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12/05/19: SO/NSF's OIR Lab Joint Colloquium Series: David Wilner, Center for Astrophysics, Harvard & Smithsonian


Title: New Views of Debris Disks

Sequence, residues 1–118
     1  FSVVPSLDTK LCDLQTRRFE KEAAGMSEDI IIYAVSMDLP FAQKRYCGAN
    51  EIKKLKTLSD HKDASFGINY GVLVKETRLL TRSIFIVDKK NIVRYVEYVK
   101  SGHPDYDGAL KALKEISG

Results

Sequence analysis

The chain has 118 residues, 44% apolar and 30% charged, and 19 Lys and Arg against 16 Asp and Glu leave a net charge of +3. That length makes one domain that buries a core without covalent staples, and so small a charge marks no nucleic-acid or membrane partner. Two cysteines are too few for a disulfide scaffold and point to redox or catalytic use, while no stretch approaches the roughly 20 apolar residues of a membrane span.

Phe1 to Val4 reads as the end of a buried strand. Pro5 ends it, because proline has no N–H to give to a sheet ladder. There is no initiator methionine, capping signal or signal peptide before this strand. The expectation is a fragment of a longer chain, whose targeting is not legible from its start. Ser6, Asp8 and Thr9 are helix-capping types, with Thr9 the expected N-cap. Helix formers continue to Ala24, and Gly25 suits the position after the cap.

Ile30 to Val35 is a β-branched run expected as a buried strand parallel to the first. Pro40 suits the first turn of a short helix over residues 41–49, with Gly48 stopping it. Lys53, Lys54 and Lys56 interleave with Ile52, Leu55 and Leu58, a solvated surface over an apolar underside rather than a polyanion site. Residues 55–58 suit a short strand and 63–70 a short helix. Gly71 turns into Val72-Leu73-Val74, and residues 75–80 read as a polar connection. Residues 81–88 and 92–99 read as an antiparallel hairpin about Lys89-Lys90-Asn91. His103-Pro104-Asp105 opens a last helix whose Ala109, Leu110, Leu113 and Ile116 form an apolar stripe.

Many nearby stars are surrounded by detectable disks of dusty material that result from the collisional erosion of planetesimals, relics of the planet formation process. Since these dust-producing planetesimals persist only in stable regions like belts and resonances, the locations and physical properties of the "debris" they generate provide probes of planetary system architectures and dynamical evolution. Observations in the millimeter offer a unique window, as the large grains that dominate emission at these long wavelengths are not much affected by stellar radiation and winds and therefore share the dynamics of the planetesimals. I will present recent results on nearby debris disks that take advantage of the unprecedented sensitivity and resolution now available with ALMA. In particular, I will discuss morphological features that may relate to unseen planets, and the surprising detections of molecular emission that expose exocomet composition.

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